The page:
Kass climbing aboard Zest with a drill in Medina Yard

Another day working on Zest in Medina Yard

With help from some of my many talented friends, I have put together a proposal for corporate sponsorship of the campaign. The sponsorship is not strictly necessary, but it will boost the competitiveness of the campaign and help me to tell my story better and more widely. I think it’s going to be a fantastic story, so it seems a waste not to use it as a platform for a brand or brands I love. I’ve got a few of these in my sights, but if you have any ideas please do get in touch.

I also intend to set up an indiegogo crowdfunding campaign for all the friends and family who have asked if they can help financially. Finally, I will also be continuing to raise money for my favourite charity – Help the Hospices – so keep an eye out for my JustGiving page, a link to which will appear here soon.

Upwards!

Kass at climbing workshop

Climbing is so much fun

This Sunday morning found me in non-descript business park tucked away in an armpit of Staples Corner, just off the North Circular. I was there with eight other boat owners to attend a course on mast climbing and descending techniques, organised by the Cruising Association. The instructor, Barney Green, is the owner of Higher Safety, an independent height safety consultancy, which works mainly in the construction industry. Barney is also a keen sailor and boat owner, and so is probably more qualified than just about anyone to teach about working safely aloft.

Dave at the mast climbing workshop

‘Monkey’ Dave has a banana break

We started in the classroom with introductions and a presentation from Barney which covered the basic principles of working safely at height and the equipment we would be using, including a harness, ascender and descender. We then went downstairs and had a ‘horizontal’ practical session. Sadly this did not involve a kip, but rather trying out the equipment on ropes while still on the ground. After that it was time to don helmets and get climbing. Some took to this with monkey-like ease, while others found it a bit of a struggle. I was somewhere in between, finding that it took a bit of thought and some effort, but confident that, with practice, it would become second nature. We each got to try a few variations, including techniques for safe solo climbing, if desired. I sincerely hope I will not need to go up my mast while alone in the middle of the Atlantic, but if I do, at least now I’m better prepared.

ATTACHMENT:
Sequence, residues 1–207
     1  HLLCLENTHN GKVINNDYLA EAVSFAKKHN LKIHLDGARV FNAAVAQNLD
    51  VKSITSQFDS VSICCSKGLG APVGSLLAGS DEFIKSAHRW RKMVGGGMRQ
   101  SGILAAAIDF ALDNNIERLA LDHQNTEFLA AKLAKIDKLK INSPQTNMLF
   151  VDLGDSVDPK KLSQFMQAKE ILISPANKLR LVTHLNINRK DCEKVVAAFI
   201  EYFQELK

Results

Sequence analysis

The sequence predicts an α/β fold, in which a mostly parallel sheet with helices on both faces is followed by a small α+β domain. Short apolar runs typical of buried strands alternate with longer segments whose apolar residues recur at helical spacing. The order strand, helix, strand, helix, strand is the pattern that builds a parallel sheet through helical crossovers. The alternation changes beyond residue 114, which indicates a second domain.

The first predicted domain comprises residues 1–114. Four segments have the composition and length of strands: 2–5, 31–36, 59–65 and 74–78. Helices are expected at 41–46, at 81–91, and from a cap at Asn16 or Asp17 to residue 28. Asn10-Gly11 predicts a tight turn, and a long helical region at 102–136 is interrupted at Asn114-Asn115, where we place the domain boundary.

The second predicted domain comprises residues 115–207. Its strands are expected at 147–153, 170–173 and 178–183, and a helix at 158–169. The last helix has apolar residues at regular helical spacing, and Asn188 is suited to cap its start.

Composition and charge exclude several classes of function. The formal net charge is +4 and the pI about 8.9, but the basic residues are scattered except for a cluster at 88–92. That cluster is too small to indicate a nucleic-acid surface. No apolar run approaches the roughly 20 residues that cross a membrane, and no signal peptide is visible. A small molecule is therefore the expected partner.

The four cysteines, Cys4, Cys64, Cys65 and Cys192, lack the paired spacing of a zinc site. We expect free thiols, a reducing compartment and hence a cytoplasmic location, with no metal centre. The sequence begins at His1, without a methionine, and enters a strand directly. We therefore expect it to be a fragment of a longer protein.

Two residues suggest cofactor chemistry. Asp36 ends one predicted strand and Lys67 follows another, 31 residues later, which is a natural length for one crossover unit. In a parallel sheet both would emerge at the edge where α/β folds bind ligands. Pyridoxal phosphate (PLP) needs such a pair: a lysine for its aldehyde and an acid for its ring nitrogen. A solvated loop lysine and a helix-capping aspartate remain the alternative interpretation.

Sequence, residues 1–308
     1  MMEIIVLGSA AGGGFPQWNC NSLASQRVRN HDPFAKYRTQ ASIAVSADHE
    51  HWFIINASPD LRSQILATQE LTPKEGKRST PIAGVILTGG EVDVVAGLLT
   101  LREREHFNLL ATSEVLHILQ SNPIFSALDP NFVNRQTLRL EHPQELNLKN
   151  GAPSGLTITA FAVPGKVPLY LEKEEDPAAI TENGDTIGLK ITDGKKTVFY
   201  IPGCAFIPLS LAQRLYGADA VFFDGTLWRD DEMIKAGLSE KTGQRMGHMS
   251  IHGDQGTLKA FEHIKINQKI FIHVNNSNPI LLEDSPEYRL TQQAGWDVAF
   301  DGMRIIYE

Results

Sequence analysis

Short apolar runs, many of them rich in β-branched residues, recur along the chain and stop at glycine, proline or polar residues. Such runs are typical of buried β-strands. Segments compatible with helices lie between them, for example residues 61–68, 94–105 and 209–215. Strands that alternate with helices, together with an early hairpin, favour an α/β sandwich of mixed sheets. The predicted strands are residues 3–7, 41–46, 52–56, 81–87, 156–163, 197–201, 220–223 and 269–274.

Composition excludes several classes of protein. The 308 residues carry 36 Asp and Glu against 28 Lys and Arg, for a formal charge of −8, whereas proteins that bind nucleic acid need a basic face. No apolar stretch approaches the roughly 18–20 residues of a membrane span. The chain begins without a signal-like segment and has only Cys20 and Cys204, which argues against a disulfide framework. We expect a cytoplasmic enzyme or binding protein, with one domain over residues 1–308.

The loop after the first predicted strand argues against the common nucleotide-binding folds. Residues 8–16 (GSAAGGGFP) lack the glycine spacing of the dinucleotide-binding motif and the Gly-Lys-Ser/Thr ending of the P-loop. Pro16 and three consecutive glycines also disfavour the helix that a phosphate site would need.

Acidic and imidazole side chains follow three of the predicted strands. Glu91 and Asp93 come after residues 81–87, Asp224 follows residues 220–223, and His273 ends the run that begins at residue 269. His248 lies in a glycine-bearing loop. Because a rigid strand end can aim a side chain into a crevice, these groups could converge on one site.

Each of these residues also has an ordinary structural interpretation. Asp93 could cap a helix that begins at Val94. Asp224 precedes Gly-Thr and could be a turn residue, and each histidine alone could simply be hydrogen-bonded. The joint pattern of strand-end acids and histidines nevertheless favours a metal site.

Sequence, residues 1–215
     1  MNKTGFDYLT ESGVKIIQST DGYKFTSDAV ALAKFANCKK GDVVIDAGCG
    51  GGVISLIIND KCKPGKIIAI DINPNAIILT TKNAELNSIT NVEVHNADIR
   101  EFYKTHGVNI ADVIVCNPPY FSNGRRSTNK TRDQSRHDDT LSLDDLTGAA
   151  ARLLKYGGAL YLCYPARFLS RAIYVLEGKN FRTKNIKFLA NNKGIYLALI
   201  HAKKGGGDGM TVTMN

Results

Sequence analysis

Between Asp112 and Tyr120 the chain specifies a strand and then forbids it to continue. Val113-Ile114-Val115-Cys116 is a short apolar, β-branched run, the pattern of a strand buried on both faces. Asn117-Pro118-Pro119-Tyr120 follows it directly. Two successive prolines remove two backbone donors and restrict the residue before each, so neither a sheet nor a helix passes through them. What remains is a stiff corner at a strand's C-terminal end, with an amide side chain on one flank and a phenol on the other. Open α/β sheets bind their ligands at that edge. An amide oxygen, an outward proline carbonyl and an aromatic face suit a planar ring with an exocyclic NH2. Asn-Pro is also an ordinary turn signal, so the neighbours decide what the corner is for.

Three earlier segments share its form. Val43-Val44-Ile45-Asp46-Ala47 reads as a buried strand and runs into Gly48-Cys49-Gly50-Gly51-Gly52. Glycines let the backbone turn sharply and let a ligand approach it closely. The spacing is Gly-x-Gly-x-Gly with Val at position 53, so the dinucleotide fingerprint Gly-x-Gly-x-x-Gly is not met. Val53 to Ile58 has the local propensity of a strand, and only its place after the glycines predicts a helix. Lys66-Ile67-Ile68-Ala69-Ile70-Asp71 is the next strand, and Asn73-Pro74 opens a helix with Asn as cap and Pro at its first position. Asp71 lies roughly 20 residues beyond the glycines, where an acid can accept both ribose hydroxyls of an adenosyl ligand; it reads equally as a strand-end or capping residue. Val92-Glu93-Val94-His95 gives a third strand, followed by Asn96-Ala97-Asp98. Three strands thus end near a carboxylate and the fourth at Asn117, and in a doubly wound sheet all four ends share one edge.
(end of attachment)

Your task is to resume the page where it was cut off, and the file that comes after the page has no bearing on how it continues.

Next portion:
We then returned to the classroom for a chat about techniques for working at the very top of our masts. This was followed by a lunch break, during which my leftovers from a recent visit to Mosob were the object of some envy, and then more climbing practice.

I think the course was a really good investment of time and money for me. Barney is planning to start offering the course more widely, and I would heartily recommend it if you’re into that sort of thing.

Captain of my own ship

Kass sailing Zest off Cowes Green

Sailing Zest off Cowes Green in the bright February sunshine (photo: Tom Loosemore)

Step one of becoming the captain of one’s own ship is, of course, procuring the ship. For me the process started with a bit of seemingly innocent browsing of various used boat websites. This often took place, if I’m perfectly honest, in bed on weekday mornings, as I sipped a mug coffee and put off the start of my dreary 90 minute commute.

Offshore racing has very strict rules about what makes a suitable boat, and these rules are usually pretty difficult for smaller boats to satisfy. As my budget was very limited, this meant my choices of acceptable and affordable boats were pretty restricted. We were eyeing up models like the Jenneau Melody and the Beneteau First 345, of which there were typically a handful for sale in the UK, Ireland and on the Atlantic coast of France.

In November, while on holiday to our usual cruising ground in Greece, we heard about a Melody that had been recently bought for a good price and fixed up in our local boatyard. The boat was not for sale, and the owners were off home before I arrived, but told mutual friends I was welcome to have a nose around on deck in their absence, just to get a feel for it. So one evening we took a dinghy across Vathoudi Bay to the local rustic boatyard, full of hungry mosquitoes in the fading light, and I climbed up a rickety ladder onto the deck.